Florida Gov. Rick Scott’s office has been highlighting new economic numbers on state job growth, consumer confidence and the unemployment rate, arguing that they validate his business-friendly policies.
Consumer optimism numbers for July contain a few undercurrents of uncertainty, however, and Scott’s political opponents say the state’s economic growth has come in the form of low-paying jobs and relatively stagnant wages.
Scott first ran for governor on a vow to create 700,000 private-sector jobs in seven years. Based on total numbers, Scott has nearly doubled that promise. His office announced last week that since December 2010, the Florida economy has produced nearly 1.4 million such jobs, and the state’s unemployment rate has dropped to 4.1 percent, the lowest rate in a decade.
“Florida’s job growth has also outpaced the nation’s for nearly five-and-a-half years, and we are leading the country in a variety of industries, proving that our efforts to diversify the economy are helping to create new opportunities every day,” Scott said in a prepared statement.
The fact-checking website PolitiFact Florida, however, said Scott promised 700,000 jobs above what the state would have created through the normal economic cycle. Because economists predicted Florida would add 1 million jobs on its own during the period 2010 to 2017, Florida needs to add 1.7 million jobs for Scott to keep his promise, the website concluded.
Scott’s Democratic opponents also dispute the quality of the jobs that have been produced during Scott’s term. House Minority Leader Janet Cruz, D-Tampa, sees Republican leaders as more concerned about the profit margins of large corporations than the plight of Florida families.
“While Governor Scott and Republican leadership like to celebrate the low-wage jobs their commitment to corporate welfare has allowed their special-interest donors to create, the picture of Florida’s working families is much more dire,” Cruz said in an email to Watchdog.org. “Over the last decade, wages have remained stagnant for our workers, more than four out of 10 households struggle to pay for basic necessities, and almost of a quarter of Florida’s children are growing up in poverty.”
But the Florida Consumer Sentiment Index, which is conducted by the University of Florida’s Survey Research Center, reports a generally upbeat attitude among Florida residents about the state of the economy. Consumer sentiment rose 1.5 points last month to 97.7, the highest level since March and one of the highest readings since 2002.
A value of 100 represents the same level of consumer confidence reported in 1966.
The July survey also found that three component measurements had increased, while two had decreased. One concern reported by Hector Sandoval, director of the university’s Economic Analysis Program, was that men’s perceptions of current economic conditions in the state declined in July, as did the perceptions of those under 60.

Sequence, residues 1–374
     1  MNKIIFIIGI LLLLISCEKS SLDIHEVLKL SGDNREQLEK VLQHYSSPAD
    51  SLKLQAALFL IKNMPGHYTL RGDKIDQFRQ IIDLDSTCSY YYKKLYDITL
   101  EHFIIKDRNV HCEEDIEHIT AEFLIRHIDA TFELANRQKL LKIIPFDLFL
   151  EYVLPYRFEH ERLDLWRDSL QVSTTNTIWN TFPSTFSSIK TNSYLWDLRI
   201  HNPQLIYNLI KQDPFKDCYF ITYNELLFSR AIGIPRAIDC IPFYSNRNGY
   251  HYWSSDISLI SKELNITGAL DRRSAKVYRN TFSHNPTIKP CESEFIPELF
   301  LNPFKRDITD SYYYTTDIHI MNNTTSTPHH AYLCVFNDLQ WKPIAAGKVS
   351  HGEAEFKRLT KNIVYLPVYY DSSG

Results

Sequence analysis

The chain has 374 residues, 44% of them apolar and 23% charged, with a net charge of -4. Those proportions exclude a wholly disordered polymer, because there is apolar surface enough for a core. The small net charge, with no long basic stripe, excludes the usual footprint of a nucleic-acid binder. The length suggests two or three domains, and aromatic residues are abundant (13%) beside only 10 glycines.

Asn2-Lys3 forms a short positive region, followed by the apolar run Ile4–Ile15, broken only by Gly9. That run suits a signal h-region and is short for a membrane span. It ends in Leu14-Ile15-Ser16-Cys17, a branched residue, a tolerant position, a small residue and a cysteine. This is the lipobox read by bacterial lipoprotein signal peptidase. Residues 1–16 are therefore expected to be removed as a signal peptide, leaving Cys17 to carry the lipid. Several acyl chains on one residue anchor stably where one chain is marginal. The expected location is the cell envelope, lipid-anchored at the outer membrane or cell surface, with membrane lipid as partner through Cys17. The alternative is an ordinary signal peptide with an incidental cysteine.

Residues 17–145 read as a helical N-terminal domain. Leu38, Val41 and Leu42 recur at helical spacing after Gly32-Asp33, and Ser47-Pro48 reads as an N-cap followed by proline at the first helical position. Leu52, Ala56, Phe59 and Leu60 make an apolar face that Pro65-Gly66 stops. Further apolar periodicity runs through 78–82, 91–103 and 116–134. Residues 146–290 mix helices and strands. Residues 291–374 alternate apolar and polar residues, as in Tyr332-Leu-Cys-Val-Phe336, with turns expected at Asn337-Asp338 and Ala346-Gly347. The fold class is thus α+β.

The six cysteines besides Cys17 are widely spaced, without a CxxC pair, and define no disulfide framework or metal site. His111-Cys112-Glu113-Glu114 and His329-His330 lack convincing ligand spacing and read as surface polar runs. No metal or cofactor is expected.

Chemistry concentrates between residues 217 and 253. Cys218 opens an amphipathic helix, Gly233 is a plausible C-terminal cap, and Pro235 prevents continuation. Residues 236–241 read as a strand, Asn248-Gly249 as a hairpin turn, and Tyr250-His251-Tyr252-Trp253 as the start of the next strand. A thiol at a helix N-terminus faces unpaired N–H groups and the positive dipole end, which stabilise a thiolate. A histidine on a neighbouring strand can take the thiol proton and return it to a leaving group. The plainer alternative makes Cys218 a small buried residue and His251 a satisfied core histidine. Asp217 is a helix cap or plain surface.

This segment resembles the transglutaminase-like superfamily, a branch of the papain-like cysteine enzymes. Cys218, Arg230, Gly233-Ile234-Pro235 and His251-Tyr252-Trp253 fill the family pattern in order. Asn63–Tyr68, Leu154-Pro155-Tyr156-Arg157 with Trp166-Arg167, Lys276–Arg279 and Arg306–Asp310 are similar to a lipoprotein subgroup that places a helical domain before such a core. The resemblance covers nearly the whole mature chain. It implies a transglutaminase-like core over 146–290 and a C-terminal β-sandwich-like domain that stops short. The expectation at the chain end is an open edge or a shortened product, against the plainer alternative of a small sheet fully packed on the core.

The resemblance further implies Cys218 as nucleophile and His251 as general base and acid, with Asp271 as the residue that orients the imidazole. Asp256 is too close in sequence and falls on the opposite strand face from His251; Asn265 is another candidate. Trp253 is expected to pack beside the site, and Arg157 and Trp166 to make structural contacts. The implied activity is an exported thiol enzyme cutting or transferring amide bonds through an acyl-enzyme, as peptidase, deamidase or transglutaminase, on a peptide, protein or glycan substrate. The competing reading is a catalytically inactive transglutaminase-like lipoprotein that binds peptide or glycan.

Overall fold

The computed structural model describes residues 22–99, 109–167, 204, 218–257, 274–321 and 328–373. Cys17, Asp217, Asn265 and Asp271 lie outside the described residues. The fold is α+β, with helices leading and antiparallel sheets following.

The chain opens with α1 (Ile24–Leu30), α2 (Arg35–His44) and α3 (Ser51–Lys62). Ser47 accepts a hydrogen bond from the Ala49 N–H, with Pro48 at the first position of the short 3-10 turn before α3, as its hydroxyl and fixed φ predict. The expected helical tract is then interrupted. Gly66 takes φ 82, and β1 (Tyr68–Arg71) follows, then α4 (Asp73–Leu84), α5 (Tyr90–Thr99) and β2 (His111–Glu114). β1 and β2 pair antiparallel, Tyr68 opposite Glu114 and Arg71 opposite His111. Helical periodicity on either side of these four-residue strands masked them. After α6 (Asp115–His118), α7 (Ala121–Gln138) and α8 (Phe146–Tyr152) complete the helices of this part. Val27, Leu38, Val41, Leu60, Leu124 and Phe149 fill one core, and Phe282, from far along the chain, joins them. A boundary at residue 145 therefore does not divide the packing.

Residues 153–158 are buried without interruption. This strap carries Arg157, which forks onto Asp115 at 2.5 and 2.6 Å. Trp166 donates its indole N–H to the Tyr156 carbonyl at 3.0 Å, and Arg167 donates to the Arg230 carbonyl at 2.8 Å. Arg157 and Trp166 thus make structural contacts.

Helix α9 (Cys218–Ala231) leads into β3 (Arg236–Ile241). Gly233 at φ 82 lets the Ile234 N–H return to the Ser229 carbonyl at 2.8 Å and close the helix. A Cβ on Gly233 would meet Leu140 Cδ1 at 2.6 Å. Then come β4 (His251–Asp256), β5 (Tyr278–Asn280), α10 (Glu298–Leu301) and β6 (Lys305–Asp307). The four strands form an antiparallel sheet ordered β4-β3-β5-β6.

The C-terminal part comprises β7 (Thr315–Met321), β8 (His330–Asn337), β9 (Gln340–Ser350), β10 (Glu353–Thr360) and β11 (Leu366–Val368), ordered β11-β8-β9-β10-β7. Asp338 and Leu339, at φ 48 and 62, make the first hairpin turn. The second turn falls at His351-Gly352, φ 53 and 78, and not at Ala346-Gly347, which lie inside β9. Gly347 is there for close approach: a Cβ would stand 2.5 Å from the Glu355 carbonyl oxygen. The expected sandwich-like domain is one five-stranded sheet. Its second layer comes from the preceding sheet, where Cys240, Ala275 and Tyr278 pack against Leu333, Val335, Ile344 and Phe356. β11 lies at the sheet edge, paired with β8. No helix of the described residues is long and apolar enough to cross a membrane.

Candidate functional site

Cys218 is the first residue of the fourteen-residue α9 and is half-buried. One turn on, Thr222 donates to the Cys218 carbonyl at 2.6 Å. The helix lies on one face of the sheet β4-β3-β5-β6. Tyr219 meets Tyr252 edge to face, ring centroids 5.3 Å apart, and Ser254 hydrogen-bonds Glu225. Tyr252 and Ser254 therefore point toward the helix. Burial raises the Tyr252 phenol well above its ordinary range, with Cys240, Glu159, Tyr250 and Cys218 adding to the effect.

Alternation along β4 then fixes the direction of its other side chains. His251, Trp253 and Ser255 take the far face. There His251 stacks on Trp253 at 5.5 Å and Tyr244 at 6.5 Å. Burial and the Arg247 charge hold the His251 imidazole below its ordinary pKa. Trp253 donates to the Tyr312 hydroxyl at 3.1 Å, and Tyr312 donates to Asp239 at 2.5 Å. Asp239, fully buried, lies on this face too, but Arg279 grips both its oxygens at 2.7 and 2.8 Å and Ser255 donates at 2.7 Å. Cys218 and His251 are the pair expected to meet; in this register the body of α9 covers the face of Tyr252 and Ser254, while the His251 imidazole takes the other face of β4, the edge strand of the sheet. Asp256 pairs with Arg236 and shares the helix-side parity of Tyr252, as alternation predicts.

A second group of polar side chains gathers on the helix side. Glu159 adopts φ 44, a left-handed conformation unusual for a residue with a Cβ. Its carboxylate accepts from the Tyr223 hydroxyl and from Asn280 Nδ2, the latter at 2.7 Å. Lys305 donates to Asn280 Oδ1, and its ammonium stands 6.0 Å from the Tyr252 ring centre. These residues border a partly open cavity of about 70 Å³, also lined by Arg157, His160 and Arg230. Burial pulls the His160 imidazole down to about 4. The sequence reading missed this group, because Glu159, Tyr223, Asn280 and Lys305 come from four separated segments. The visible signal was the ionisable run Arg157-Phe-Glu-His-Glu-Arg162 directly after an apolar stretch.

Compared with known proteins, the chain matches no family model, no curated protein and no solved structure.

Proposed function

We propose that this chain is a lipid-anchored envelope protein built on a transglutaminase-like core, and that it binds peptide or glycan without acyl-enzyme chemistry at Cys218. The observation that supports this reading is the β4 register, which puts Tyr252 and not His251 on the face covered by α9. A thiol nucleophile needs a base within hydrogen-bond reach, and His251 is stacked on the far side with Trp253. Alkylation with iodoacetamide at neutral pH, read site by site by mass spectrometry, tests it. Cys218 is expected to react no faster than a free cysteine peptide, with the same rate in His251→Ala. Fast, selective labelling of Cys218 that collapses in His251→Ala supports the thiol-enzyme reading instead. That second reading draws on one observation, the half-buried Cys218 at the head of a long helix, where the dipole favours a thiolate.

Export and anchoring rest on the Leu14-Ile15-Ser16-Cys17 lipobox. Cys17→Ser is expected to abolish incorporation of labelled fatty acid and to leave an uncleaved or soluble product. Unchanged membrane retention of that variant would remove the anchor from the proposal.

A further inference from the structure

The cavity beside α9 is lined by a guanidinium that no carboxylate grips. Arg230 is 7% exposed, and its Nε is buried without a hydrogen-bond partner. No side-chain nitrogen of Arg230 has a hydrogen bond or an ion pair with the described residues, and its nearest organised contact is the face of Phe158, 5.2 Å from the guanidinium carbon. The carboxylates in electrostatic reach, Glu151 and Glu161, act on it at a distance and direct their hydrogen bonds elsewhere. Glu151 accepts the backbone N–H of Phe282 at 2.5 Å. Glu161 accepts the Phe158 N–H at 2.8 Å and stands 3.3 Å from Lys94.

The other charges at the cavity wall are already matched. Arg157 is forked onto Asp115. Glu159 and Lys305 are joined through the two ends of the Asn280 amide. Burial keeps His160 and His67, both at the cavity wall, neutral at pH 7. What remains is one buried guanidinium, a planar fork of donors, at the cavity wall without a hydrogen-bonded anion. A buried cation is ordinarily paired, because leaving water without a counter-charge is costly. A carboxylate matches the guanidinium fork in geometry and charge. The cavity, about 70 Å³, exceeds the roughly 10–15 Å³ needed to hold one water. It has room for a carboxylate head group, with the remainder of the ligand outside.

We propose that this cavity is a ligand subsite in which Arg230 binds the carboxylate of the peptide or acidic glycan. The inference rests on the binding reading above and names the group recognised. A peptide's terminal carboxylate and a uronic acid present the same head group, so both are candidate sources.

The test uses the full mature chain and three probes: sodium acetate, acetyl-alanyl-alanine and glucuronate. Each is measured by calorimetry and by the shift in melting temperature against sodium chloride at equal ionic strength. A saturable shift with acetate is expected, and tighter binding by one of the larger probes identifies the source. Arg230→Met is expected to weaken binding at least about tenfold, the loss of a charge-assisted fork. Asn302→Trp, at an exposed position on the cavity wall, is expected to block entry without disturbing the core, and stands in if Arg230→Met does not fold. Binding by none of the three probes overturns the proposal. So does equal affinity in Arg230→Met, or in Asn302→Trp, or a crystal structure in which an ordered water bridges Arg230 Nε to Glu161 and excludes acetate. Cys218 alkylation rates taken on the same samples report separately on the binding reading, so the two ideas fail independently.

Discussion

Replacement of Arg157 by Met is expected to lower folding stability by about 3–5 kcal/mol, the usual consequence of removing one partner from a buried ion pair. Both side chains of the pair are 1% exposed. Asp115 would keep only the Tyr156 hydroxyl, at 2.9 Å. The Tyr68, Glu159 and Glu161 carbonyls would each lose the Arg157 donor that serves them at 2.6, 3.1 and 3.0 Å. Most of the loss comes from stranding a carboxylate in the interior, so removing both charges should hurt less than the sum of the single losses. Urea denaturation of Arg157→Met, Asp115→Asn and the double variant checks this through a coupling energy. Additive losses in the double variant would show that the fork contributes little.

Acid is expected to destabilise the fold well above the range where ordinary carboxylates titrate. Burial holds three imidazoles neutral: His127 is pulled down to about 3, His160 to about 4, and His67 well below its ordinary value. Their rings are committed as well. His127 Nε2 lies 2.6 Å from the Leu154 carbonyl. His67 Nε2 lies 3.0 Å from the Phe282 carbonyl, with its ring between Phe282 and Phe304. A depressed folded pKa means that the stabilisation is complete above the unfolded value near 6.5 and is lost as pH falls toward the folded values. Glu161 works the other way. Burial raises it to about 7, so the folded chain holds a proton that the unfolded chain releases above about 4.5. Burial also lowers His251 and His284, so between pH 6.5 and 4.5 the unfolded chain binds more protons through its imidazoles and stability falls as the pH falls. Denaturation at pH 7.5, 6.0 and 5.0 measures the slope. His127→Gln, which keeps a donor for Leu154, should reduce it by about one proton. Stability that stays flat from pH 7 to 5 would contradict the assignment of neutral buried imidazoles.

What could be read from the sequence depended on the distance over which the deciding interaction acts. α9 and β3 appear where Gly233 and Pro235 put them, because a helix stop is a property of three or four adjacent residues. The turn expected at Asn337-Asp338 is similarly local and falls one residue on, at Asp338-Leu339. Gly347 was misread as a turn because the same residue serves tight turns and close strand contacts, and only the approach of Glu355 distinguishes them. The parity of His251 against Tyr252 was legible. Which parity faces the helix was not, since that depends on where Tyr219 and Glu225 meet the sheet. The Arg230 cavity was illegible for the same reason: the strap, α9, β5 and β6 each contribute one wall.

“It’s hard to pin down a reason why they think this,” Sandoval told Watchdog.org, “but in general the economy has been growing at a greater rate than the U.S., and that’s something that the people can feel.”
The men’s responses about how their current personal financial situations – compared to a year ago and compared to their expectations for a year from now – declined compared to men’s responses during the previous months.
Still, Floridians’ expectations about the national economy over the next several years remain high, according to the survey results.
“The gain in July’s sentiment came from consumers’ future expectations about the economy in the medium and long run,” Sandoval said in a statement when the survey was released. “Remarkably, these positive expectations are shared by Floridians across all demographics and economic levels.”
Sean Snaith, the director of the Institute for Economic Competitiveness at the University of Central Florida, agreed that consumer confidence in the state was strong and would remain high into 2018. A number of factors are responsible for the state’s strong economic numbers, including population growth, rising tourism and Scott’s focus on creating a business-friendly environment, according to Snaith.
“I think the policies are part of it,” he told Watchdog.org. “Obviously, there’s no state income tax here.”
A state economic forecast issued in June by the institute predicted that the state economy will expand by 3.7 percent in 2018 and that Florida job growth from this year through 2020 will top the national average by 0.8 percent.
And although wage growth in Florida has been sluggish in the years after the Great Recession, the institute predicts wages in the state will rise by 4 percent this year and by 5 percent in 2018.
“Tourism is obviously a big component of the state’s economy, and it’s been performing well,” Snaith said.
Some of those tourism jobs are low-wage, but the state has also produced growing numbers of better-paying jobs in professional business services and construction, he said. And the discussion of wages in Florida often fails to take into account the lack of a state income tax, which translates into more disposable income for workers overall, according to Snaith.
In addition, Florida has also made strides in diversifying its economy, producing growth in biotechnology in Orlando and the commercial space sector in other parts of the state, he said.
Sandoval also sees the high consumer confidence level continuing at least through the end of the year.
“Visitors are coming and unemployment is decreasing,” he said.